Car Suspension?

Yes we all have it, but do we really know what it is?

Here’s what the car suspension does: it’s supposed to maximize the friction that’s between the tires and the surface of the road. It does this to provide steering stability with good handling and to make sure that the passengers are comfortable. If there was a road that was perfectly and completely flat, then suspensions wouldn’t be necessary - at all.

If you know Newton’s Laws of Motion, then you know that all forces have both magnitude and direction. If there’s a bump in the road, then the Wheels move up and down - perpendicular to the road surface.

The parts to a car suspension include: the frame, the Suspension System, the Steering System, & then the Tires & Wheels . The Frame is the structural & load - carrying component that supports the car’s Rebuilt Auto Engine & the car’s entire body. The Suspension System is what supports the weight. It also absorbs and dampens shock while at the same time, helps maintain the contact that the tires have with the road. When it comes to the Steering System, this is the mechanism that allows the driver to guide and direct the vehicle .. if you didn’t already know that. The Tires and Wheels that are installed are the components that make vehicle motion possible by way of grip and/or friction with the road.

Are you still with me? Good.

The three fundamental components of any suspension system include the Springs, Dampers, and the Anti - Sway Bars.

The Coil Springs are there to compress and also expand to absorb the motion of the Wheels . The most common type of spring is a heavy - duty torsion bar that’s coiled around the axis. The leaf springs are a type of spring that has a number of layers of metal bound together in order to act as a single unit. The torsion bar type of spring uses the twisting properties of a steel bar in order to provide coil-spring-like performance. Finally, air springs are composed of a cylindrical chamber of air positioned between the wheel and the car's body.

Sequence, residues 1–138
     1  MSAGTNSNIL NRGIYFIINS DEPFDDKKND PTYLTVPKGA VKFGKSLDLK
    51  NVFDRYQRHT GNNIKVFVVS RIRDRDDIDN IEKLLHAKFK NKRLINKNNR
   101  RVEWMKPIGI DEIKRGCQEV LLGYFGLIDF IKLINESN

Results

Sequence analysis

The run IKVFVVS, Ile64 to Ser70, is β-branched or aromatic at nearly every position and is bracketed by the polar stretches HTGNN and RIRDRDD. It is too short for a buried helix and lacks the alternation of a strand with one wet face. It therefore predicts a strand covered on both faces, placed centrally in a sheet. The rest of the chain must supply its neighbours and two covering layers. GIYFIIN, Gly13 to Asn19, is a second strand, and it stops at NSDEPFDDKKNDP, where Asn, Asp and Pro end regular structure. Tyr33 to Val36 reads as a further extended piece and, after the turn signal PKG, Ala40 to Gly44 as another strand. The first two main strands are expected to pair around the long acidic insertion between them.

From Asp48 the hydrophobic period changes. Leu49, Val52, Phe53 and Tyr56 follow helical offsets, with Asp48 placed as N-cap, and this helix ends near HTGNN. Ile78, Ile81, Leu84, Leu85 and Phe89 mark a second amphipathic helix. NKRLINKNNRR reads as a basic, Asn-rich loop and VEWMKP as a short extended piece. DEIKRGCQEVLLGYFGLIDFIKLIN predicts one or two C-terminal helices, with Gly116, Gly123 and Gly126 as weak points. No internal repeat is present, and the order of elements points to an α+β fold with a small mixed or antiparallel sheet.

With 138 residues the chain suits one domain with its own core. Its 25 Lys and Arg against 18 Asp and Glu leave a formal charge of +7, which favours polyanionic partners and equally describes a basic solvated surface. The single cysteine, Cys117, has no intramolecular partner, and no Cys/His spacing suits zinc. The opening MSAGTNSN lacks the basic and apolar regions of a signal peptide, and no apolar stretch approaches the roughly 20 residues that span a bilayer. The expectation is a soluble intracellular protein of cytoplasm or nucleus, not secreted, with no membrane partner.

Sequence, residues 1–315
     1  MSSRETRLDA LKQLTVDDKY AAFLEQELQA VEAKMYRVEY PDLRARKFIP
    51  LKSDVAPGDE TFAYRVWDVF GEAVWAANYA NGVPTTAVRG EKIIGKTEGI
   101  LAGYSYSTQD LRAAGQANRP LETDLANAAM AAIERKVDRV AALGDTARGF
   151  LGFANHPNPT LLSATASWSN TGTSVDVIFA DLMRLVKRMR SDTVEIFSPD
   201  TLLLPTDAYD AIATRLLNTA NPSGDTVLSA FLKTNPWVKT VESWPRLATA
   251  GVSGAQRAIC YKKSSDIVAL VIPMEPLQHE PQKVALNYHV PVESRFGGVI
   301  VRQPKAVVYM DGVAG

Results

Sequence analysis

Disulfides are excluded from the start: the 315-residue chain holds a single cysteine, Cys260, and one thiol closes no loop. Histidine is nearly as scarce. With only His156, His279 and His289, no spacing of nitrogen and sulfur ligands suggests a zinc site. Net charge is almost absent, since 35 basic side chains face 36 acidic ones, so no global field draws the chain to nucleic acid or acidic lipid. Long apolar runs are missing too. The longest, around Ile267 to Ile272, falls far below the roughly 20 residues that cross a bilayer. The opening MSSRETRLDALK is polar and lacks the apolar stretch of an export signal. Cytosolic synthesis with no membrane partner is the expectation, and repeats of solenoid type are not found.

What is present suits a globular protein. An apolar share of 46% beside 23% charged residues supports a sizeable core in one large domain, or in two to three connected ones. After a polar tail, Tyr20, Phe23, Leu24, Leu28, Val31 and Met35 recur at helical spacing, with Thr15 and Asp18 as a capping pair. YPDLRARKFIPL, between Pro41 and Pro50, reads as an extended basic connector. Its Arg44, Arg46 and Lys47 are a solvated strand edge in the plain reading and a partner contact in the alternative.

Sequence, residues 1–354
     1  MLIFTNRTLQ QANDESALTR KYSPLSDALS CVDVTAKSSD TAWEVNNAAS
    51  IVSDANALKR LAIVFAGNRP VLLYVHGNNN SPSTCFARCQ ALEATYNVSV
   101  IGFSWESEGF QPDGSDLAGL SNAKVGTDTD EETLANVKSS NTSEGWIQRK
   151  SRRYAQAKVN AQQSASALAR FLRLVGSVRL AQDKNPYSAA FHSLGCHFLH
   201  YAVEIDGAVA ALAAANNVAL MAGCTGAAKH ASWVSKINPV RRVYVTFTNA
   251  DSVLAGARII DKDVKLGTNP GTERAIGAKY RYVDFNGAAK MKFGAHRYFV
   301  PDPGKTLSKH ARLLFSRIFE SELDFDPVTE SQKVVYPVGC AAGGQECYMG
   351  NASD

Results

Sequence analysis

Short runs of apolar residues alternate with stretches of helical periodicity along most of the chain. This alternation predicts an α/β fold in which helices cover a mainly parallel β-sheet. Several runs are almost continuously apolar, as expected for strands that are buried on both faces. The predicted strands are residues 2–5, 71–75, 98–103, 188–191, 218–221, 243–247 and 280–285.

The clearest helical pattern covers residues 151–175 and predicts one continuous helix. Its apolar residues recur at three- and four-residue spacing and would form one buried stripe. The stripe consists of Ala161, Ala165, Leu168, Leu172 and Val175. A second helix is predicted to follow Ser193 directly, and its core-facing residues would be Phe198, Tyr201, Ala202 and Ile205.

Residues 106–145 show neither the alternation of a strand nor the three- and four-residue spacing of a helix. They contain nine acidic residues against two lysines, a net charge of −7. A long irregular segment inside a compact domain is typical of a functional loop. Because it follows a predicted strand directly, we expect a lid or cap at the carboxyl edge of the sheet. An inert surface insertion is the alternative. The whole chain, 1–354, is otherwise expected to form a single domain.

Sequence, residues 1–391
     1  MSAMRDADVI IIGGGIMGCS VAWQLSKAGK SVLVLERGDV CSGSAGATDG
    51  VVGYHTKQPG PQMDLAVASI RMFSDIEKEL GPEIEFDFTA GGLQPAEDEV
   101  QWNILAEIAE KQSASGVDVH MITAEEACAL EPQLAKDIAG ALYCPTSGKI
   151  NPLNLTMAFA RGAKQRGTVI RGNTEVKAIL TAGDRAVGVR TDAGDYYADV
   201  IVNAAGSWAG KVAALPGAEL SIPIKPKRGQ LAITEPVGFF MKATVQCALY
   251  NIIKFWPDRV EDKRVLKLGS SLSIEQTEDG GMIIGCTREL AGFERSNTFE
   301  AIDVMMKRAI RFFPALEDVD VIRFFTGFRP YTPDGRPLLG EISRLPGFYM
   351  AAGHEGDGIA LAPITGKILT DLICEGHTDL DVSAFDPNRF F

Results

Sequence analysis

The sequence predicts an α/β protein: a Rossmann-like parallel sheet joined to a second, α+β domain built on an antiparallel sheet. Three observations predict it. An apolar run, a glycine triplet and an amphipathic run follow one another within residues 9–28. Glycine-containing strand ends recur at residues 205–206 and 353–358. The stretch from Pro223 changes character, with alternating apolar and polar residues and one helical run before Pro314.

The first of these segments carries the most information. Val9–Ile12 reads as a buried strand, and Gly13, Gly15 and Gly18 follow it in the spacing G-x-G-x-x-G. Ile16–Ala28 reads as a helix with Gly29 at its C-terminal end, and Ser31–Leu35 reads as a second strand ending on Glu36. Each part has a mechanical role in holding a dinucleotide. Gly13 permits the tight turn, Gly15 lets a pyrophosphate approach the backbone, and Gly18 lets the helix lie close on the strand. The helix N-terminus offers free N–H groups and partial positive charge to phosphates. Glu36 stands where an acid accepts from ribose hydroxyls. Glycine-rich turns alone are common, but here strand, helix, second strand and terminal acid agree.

Unless there’s a present Dampening Structure, a car spring will extend and then release the energy it absorbs from a bump at an uncontrolled rate. The spring will then continue to bounce at its regular frequency until all of the energy originally put into it is all used up. If there’s a suspension system that’s built on springs alone .. then just know that you’re in for a pretty bumpy ride - not to mention that the car will be uncontrollable.

The front Suspensions are dependent and have a rigid front axle that connects to the front wheels. In independent front suspensions, the wheels are allowed to move independently. If both of the front and back suspensions are independent, then all of the wheels are then mounted and also sprung individually. This results in "four-wheel independent suspension.” Any suspension that’s installed in the front of the vehicle can also be installed in the rear.

I guess you can say that there are some cases where suspension is hard to understand and then there’s other cases where suspension is the easiest thing to explain. Usually, I think it just revolves around one thing: keeping your drive as less bumpy as it can be and keeping the people in your car happy because it’s not so bumpy!